Captain, Lincolnshire Regiment
Born: September 1st 1895
Died: July 1st 1916
Age at Death: 20
Missing, Killed in action, Ovilliers, France, July 1st 1916
Went to Malvern College. Son of Rev. G Jeudwine of Harlaxton, Grantham.
A DONATION TO THE MEMORIAL STATUE HAS BEEN MADE IN HONOUR OF THIS SOLIDER BY AN ABRAHAM HOUSE LEAVER 2016.
Captain Spencer Henry Jeudwine
Spencer Jeudwine was born in Grantham, Lincolnshire on 22nd October 1895. He was the son of Rev George Wynne Jeudwine, the Rector of Harlaxton, Lincolnshire, and his wife Harriet (nee Phelps). He was the youngest of 11 children, including 7 sons (three of whom went on to take holy orders). After education at home by a governess he entered the school aged 11. He was apparently a bookish pupil, being commended for the effort he put into the library and coming second in his form in 1909. In that year he left the school and completed his education at Malvern College where he also excelled, wining a number of Science prizes and a place at Caius College Cambridge.
However when the war broke out in Summer 1914 instead of going up to Cambridge Jeudwine was commissioned as 2nd Lieutenant in the Lincolnshire Regiment in August 1914. While serving with the 2nd Battalion Lincolnshire Regiment, part of 8th Division, he was promoted to Lieutenant in February 1915, received a minor wound in May 1915 and was promoted again to Captain in March 1916. Excerpts from letters sent by Jeudwine from the front are very revealing both of his character and the life of a junior officer in the trenches. One reveals that he had to rely on private parcels from home for vital trench equipment like periscopes and that even in a quiet sector of the front line he could only expect 2 hours sleep in every 24. A further letter reveals that army candles were both expensive and very smelly and in a context where they were using up three or four a night they needed ‘home-growns’ to supplement army supplies. Finally the agony of returning to the front after Leave was clearly so great that he deliberately avoided meeting his father on his departure from Victoria Station after what was to be his last home leave.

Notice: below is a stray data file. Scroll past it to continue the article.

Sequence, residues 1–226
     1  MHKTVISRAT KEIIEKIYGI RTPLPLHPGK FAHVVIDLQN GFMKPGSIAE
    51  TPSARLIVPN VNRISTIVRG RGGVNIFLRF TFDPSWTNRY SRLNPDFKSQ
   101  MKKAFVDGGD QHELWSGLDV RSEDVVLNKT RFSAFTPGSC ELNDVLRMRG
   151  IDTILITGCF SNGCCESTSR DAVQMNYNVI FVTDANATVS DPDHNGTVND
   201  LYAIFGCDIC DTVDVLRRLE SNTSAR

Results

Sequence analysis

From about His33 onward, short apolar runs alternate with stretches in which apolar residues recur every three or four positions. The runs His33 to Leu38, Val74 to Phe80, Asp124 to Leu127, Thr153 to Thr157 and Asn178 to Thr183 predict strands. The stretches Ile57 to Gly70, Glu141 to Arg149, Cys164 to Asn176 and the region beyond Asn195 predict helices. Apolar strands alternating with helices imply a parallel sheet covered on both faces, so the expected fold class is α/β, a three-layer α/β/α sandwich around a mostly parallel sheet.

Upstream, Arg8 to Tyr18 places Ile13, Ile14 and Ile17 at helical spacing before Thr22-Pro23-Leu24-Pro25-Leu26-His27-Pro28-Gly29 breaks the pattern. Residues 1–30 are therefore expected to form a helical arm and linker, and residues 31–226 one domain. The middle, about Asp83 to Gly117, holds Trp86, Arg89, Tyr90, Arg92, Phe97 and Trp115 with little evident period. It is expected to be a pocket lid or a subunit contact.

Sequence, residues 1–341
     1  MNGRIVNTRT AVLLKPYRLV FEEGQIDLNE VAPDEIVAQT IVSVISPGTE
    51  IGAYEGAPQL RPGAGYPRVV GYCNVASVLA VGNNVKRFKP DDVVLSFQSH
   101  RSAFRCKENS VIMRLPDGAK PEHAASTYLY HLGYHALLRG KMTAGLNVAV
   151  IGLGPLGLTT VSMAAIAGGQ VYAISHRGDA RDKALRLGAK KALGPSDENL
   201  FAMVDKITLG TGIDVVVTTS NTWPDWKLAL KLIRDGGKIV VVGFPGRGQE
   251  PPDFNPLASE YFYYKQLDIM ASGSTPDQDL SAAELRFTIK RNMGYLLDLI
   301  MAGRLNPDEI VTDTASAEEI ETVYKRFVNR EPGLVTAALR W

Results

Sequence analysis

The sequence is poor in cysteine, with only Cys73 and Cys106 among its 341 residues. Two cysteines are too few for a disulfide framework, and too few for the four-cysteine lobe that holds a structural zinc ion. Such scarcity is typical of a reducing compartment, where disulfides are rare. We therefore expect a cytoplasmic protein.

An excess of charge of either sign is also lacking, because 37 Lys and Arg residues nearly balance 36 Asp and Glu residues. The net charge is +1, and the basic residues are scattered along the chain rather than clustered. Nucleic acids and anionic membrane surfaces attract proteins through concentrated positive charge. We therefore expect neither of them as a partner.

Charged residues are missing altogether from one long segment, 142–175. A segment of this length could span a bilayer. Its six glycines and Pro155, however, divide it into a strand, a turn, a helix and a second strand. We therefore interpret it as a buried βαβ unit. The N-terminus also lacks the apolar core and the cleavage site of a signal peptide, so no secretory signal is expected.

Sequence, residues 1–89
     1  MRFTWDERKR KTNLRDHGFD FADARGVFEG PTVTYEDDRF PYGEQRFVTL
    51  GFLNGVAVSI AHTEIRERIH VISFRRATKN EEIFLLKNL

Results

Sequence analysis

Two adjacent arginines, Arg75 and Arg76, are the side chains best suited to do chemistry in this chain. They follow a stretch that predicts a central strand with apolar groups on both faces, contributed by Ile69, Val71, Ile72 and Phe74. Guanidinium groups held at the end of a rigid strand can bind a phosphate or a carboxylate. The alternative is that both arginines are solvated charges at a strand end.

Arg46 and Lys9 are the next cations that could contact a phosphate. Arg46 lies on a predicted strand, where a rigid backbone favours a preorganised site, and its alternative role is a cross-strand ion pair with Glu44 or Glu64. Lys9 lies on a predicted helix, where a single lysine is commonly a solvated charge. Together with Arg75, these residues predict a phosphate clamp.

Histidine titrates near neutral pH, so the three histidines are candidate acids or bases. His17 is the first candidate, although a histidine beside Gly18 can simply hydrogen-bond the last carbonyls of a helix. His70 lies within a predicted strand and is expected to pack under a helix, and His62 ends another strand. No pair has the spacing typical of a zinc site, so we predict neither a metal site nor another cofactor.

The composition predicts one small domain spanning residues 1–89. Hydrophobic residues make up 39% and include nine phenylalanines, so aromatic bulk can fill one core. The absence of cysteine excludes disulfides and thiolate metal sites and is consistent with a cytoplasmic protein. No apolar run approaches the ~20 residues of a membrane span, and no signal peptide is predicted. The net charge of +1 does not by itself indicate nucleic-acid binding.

At the Somme on the 1st July 1916 the 2nd Lincolnshires were instructed to attack the German held village of Ovillers-La-Boiselle. The regimental diary records that between 7.30 am and 7:50 am they succeeded in taking control of 200 yard stretch of the first German line despite intense machine gun and rifle fire, which made an attempt to press on to the second line impossible. Their flanks were also open to attack, particularly by grenades, from the Germans still holding trenches on either side. As a result they were forced to withdraw from the gains they had made by 9am. The battalion had sustained 450 casualties, including 21 officers. Among the officer casualties reported as’ missing’ was Jeudwine.
Spencer Jeudwine has no known grave but is commemorated on Pier 1 Face C of the Thiepval Memorial, France. In addition he is depicted in a large stained glass window in what was his father’s church- St Mary and St Peter, Harlaxton, Lincolnshire.
Source: LEST WE FORGET PROJECT, Brighton College 2014/15
 Letter from Spencer Jeudwine to his sister Katherine, February 3rd 1915.
 Letter from Spencer Jeudwine to his sister Katherine, February 5th 1915.
 Letter from Spencer Jeudwine to his sister Katherine, 13th March 1916.